In today’s big section on evolution in the New York Times, John Noble Wilford explains the explosion of new material and new understanding of the human family tree. Through the 1990s and into this century, new fossil discoveries have pushed our understanding of hominid origins back in time, and refined our knowledge of how we got from those origins to our current form.
Those new fossils are helping molecular biologists trace the ways that our genes evolved over millions of years, and those insights are sending anthropologists and systematists back to the bone to test new hypotheses. Wilford explains:
The new finds have filled in some of the yawning gaps in the fossil record. They have doubled the record’s time span from 3.5 million back almost to 7 million years ago and more than doubled the number of earliest known hominid species. The teeth and bone fragments suggest the form — the morphology — of these ancestors that lived presumably just this side of the human-ape split.
“The amount of discord between morphology and molecules is actually not that great anymore,” said Frederick E. Grine, a paleoanthropologist at the State University of New York at Stony Brook.
Six years ago, a scientist observed that “We are indeed coming very close to that point in the fossil record where we simply will not be able to distinguish ancestral hominid from ancestral [chimpanzees] … They were so anatomically similar.”
Eric Delson, a scientist at the American Museum of Natural History, pointed to discoveries since then of hominids 6 and 6.7 million years old, close to the time when the human and chimpanzee lineages diverged. “These are clearly the earliest hominids we have, but we still know rather little about any of these specimens. The farther back we go toward the divergence point, the more similar specimens will look on both sides of the split.”
Even now, we look much too similar to our primate cousins for some people’s tastes. Queen Victoria is reported to have written that an orangutan she saw was “painfully and disagreeably human.”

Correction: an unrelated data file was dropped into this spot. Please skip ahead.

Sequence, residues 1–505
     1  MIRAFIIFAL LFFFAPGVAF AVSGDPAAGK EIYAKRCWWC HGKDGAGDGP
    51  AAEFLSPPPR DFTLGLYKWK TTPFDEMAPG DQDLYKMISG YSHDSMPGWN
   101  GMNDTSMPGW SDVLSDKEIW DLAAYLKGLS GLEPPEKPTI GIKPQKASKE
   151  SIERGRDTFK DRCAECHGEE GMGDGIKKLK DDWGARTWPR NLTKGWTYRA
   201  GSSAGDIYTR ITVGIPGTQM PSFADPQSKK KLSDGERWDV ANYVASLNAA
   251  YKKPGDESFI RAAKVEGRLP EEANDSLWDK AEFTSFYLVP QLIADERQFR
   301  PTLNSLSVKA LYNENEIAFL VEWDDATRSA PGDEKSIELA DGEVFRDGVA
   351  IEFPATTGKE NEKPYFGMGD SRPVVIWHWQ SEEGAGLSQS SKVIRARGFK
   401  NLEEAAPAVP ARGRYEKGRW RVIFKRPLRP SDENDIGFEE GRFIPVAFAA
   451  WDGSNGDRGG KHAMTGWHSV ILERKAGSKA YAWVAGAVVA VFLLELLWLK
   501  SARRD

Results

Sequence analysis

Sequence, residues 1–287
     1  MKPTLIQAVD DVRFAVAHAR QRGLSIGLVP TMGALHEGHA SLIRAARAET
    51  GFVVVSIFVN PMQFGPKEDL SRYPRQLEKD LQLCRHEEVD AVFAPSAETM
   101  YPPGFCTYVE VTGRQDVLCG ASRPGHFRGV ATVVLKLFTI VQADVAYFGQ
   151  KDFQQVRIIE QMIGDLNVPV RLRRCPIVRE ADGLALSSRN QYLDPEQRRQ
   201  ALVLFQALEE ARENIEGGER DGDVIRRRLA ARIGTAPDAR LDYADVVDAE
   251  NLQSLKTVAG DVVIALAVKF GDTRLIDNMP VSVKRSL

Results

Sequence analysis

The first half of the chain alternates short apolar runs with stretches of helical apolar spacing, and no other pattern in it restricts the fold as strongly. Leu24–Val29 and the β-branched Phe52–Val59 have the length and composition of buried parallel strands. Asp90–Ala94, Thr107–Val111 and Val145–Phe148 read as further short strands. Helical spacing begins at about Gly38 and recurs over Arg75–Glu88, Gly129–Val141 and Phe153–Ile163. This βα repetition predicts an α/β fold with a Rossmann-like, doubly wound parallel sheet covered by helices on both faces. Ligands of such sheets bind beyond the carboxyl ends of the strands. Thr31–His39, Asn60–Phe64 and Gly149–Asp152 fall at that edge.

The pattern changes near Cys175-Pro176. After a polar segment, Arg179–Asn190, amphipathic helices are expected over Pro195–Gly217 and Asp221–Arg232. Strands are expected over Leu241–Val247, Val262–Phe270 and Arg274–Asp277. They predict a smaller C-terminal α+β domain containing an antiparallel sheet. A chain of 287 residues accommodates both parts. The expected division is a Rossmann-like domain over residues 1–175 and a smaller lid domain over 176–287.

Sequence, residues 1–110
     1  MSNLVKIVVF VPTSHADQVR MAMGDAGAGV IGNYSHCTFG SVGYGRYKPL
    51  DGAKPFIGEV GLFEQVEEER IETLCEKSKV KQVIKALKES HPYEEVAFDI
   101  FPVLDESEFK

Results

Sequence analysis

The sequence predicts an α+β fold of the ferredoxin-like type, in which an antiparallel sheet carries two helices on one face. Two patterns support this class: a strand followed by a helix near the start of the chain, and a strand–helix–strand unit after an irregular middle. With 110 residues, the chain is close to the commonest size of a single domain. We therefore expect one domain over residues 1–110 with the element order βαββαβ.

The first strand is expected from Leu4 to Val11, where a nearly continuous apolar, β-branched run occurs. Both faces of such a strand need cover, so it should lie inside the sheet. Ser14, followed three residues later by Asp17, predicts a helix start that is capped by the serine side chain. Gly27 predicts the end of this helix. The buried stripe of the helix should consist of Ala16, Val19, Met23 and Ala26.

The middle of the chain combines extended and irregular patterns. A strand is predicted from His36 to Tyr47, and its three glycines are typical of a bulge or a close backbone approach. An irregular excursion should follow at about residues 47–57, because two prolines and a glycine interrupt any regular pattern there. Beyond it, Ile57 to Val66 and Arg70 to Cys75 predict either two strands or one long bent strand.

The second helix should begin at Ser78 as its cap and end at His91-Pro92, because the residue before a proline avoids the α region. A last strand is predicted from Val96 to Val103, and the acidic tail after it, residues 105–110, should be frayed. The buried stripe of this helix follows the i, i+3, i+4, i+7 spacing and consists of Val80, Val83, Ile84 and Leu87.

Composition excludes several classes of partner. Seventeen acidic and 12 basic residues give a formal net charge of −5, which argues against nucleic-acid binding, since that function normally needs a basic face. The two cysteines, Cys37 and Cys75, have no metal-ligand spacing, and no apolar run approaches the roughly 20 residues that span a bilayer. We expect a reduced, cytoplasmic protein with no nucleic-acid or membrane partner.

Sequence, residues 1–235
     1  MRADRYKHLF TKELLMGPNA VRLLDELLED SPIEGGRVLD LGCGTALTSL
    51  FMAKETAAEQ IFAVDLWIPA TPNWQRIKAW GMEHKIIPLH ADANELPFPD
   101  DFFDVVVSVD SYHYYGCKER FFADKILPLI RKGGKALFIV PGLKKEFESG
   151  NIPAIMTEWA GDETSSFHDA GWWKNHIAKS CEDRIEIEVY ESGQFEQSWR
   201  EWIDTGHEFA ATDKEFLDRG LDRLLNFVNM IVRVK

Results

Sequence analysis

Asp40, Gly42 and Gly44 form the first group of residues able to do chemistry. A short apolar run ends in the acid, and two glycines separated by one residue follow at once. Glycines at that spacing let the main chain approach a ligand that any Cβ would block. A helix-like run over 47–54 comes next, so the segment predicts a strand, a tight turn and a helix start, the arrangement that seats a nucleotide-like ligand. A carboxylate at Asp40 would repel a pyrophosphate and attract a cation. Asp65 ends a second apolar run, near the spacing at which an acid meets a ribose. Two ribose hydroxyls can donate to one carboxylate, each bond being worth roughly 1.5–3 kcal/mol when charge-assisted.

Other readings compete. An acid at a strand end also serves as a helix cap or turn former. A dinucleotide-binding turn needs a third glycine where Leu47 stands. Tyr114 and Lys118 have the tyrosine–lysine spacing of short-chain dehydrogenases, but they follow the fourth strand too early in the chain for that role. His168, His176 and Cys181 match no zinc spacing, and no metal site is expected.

In 2004, I wrote the following as I looked at a 13 million year old hominoid skull, a predecessor to the common ancestor of humans and chimpanzees:
A few years back, I was skinning a baboon that had died in a zoo, and been given to the museum. Skinning animals is interesting, but rarely stunning. It involves a little cutting, a lot of gentle tugging, and great care when you finally get to the hands and feet. Mouse feet, cat feet, deer feet, all look pretty normal. But a baboon has fingerprints. They don’t have claws, they have nails. There’s something creepy about skinning a hand with fingerprints.
There’s also something eerie about looking at the earliest known hominoid, a possible ancestor of modern humans and apes.
Those eye sockets, the nose, the teeth, are all evidence of the first branch on an evolutionary path distinct from monkeys and gibbons. It is one step in a long and winding path that leads to me typing this. It is also a path that lead Homo erectus to an Indonesian island, where they hunted elephants, rhinos and dragons, getting small with time, living and dying, until a volcano finished them off, right around the time that Homo sapiens showed up on the same island.
A lot has changed in 13 million years, but no one can look at that face and not recognize something familiar in it. It isn’t anything as unique as a fingerprint, but it is special, and human.
Step by step, scientists are bringing together bones and genes to find out what that path looked like, and what lay down some of the roads not taken.